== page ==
- “Active” includes companies in which Pres. Trump or his immediate family members retain an ownership interest or current position, as well as individual cases as described.
- “Potential” includes companies whose ownership structure is unreported, and with which any Trump family members’ current positions are unreported, as well as individual cases as described.
- “Resolved” includes companies that are dissolved, as well as individual cases as described.
- “Connection” references personal/business connections that are noteworthy but do not necessarily amount to a conflict of interest in and of themselves. (Currently not populated.)
- “Other” covers — you guessed it — other categories of potential conflicts. (Currently not populated.)
- The date field is designed to help researchers who come back to this database on an ongoing database. Make note of the date you visited it last; the next time you come, look for any records that have been updated since then.
How you can make it better
Is this database useful? Let us know. Could it be better? Tell us how!
Please send us links to reporting or revelations our inventory sparks. Seeing its usefulness will help inform how we should direct our efforts to make your reporting more efficient. Any illustration that this project has legs also will help Sunlight secure the funding to keep it going.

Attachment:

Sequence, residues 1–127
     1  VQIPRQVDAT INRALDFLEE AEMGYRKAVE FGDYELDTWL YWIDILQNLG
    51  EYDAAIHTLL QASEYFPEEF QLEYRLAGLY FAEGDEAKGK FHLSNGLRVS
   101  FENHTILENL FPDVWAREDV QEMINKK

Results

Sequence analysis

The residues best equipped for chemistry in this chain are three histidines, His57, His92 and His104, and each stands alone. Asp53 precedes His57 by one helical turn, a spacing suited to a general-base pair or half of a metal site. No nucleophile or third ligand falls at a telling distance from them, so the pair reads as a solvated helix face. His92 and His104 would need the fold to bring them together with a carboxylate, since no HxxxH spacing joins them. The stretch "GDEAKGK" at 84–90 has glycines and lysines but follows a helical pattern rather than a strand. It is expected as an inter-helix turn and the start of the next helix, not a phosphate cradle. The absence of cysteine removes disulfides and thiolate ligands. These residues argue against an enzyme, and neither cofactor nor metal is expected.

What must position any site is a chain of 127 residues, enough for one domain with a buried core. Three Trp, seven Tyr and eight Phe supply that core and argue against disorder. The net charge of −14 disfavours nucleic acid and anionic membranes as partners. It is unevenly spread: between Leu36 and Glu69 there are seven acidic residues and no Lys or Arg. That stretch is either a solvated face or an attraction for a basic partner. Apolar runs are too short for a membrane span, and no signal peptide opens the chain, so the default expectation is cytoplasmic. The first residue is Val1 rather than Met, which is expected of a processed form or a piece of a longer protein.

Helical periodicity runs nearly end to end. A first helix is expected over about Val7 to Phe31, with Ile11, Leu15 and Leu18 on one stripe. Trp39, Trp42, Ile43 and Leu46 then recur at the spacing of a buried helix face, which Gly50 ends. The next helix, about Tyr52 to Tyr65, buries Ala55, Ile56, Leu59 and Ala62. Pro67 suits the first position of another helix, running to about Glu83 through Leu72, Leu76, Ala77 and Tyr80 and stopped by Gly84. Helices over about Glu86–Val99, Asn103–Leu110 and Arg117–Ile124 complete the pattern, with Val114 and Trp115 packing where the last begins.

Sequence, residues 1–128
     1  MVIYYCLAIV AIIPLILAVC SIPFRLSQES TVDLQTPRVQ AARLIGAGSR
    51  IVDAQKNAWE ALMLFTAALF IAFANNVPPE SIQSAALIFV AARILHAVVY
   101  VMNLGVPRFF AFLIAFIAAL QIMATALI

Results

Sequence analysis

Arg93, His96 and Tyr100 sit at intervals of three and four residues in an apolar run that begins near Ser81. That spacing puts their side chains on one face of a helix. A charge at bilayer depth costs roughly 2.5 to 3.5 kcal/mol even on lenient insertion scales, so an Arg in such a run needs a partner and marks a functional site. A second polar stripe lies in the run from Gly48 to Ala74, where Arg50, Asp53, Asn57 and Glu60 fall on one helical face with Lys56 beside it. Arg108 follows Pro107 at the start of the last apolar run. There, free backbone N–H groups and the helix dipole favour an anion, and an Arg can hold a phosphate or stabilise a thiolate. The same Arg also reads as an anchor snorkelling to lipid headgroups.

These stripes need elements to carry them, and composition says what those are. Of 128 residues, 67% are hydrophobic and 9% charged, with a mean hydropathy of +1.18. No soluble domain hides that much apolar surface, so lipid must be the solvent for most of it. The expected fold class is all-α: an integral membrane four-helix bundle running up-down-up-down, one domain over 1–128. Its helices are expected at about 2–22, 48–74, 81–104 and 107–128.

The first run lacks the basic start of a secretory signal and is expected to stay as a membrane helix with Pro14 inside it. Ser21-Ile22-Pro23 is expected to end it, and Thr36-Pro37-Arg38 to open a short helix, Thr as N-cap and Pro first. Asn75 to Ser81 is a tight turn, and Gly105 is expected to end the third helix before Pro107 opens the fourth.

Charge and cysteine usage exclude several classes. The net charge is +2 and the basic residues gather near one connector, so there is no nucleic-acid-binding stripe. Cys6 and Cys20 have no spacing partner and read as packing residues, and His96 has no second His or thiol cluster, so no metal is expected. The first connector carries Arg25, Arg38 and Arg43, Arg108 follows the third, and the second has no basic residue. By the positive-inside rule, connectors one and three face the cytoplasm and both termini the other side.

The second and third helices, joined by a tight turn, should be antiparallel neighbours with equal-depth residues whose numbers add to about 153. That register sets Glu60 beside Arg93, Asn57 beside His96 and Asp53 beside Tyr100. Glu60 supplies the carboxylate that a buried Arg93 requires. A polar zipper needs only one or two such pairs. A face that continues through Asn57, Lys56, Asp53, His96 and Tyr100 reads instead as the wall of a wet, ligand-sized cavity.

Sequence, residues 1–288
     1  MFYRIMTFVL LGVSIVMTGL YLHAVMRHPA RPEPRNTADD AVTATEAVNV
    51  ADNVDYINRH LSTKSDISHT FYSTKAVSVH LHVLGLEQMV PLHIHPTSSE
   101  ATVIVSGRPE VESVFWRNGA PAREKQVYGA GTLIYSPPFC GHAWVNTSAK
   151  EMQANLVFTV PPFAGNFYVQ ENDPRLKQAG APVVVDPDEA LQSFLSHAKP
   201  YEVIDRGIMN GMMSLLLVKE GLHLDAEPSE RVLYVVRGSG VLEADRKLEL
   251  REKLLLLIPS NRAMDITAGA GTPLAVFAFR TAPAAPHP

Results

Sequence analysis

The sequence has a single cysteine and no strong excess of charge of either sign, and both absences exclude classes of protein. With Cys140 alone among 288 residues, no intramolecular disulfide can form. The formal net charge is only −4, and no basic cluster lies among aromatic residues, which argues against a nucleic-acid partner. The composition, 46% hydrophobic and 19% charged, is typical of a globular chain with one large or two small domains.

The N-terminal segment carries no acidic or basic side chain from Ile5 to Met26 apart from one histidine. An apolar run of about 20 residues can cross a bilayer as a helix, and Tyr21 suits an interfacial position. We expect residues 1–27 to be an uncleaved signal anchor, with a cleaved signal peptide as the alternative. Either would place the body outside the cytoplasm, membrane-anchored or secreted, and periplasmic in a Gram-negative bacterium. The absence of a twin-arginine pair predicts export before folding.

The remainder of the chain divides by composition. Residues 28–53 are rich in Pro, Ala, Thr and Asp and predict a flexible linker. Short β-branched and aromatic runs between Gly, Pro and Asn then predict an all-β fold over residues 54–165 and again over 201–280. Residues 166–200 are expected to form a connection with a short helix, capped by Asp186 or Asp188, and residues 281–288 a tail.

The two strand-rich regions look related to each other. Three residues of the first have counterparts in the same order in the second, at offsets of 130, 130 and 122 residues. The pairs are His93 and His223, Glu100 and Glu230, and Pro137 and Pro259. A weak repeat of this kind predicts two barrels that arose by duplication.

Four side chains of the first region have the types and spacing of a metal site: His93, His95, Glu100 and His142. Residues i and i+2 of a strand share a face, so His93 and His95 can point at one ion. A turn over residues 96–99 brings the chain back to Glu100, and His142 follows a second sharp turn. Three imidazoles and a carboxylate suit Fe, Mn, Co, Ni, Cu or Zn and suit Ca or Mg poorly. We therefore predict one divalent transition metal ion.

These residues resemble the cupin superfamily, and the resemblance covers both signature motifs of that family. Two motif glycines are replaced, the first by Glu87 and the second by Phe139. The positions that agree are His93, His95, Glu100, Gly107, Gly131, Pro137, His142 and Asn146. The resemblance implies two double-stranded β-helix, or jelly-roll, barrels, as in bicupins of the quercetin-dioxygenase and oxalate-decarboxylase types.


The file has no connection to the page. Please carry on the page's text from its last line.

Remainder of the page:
And please, point out if you discover an active concern that should be marked as “resolved,” or a resolved concern that’s actually active. Tell us if you know about a potential conflict of interest we missed. Or perhaps there’s a whole arena of conflicts that you think we should prioritize as we continue to build this out.
We’re creating this tool for you. Please help us make it as useful as possible.
The Sunlight Foundation will keep this project updated to reflect the changing status of any potential business, political or associated conflicts that are resolved or reopened.
We’ll also build it out to record more structural conflicts of interest among his immediate family members, and the specific instances where they play out.
Specifically, we’ll add:
- More potential conflicts and instances as they emerge from ongoing news coverage.
- Other Assets and Income (i.e. stocks) from Trump’s 2017 financial disclosure.
- Liabilities from Trump’s 2017 financial disclosure.
- A more detailed catalogue of Jared Kushner’s and Ivanka Trump’s extensive potential for conflicts of interest, given their prominent roles in the White House.
This project prioritizes the inventory’s utilitarian value for government accountability, so don’t expect bells and whistles, at least at first. Our current resource is a downloadable, open-access, view-only Google spreadsheet.
If you’d like to build visualizations or analysis, drop us a line and we’ll talk!
We’ll do as much as we can to keep the presentation highly functional for you, without detracting from our efforts to make this the most comprehensive and current inventory of concerns about presidential conflicts of interest on the web.
In the weeks ahead, look for posts and features from us. We’ll explain more of the context in which this miasma plays out. We’ll point out trends, investigate murky areas, and unpack the nesting dolls of corporate ownership to help enlighten the national conversation about presidential accountability.
Dig into the 563 active concerns we’ve catalogued so far, the 62 potential conflicts, and the 46 we’ve marked as “resolved.”
Find the instances where these potential conflicts play out. Help the nation understand what they mean for our democracy.
And please, keep in touch.